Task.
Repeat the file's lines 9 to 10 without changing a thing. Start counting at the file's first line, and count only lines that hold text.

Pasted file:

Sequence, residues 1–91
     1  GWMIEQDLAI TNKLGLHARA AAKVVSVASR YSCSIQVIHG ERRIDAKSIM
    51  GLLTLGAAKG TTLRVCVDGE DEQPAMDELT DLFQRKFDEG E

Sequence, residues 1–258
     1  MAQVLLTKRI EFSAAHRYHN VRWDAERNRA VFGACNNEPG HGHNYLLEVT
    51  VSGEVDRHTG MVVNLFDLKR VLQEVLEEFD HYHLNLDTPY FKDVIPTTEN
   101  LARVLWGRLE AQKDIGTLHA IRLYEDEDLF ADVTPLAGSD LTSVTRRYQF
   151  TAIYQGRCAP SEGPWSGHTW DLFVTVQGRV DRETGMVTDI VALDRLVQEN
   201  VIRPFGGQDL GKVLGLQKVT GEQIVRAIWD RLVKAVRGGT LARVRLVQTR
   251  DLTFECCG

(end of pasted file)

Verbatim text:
   201  VIRPFGGQDL GKVLGLQKVT GEQIVRAIWD RLVKAVRGGT LARVRLVQTR
   251  DLTFECCG